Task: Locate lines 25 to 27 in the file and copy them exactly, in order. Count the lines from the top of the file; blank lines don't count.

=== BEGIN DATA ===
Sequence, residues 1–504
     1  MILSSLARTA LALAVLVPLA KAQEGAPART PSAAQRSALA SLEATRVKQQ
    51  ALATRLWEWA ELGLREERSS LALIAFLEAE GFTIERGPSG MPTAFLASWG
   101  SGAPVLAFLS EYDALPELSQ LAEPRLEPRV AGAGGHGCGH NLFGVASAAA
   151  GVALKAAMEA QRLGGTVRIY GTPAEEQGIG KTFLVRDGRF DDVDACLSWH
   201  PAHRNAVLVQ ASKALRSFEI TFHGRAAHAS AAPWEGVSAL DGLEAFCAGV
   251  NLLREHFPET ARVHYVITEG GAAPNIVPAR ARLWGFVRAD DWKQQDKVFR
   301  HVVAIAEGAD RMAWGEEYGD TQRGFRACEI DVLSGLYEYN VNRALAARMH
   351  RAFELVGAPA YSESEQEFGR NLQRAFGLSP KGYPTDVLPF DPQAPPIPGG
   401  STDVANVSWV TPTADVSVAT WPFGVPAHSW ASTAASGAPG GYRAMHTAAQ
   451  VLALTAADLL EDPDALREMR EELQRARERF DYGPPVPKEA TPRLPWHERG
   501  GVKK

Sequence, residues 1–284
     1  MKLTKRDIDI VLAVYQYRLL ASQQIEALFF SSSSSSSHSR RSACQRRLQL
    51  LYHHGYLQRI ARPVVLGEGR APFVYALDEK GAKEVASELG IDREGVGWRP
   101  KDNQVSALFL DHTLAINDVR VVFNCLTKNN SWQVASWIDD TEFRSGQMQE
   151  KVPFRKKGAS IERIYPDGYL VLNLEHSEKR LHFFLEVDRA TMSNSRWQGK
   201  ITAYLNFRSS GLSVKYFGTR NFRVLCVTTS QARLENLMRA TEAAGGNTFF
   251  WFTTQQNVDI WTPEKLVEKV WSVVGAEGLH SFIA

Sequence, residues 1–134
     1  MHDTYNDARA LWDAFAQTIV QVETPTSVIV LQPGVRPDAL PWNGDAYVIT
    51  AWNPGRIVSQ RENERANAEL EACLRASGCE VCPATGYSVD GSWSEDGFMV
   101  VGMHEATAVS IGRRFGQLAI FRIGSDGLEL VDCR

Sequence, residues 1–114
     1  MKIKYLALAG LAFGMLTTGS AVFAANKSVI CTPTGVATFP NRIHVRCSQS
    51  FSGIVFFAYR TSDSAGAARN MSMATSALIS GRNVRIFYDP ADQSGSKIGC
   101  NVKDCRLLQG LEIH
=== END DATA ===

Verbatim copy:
     1  MKIKYLALAG LAFGMLTTGS AVFAANKSVI CTPTGVATFP NRIHVRCSQS
    51  FSGIVFFAYR TSDSAGAARN MSMATSALIS GRNVRIFYDP ADQSGSKIGC
   101  NVKDCRLLQG LEIH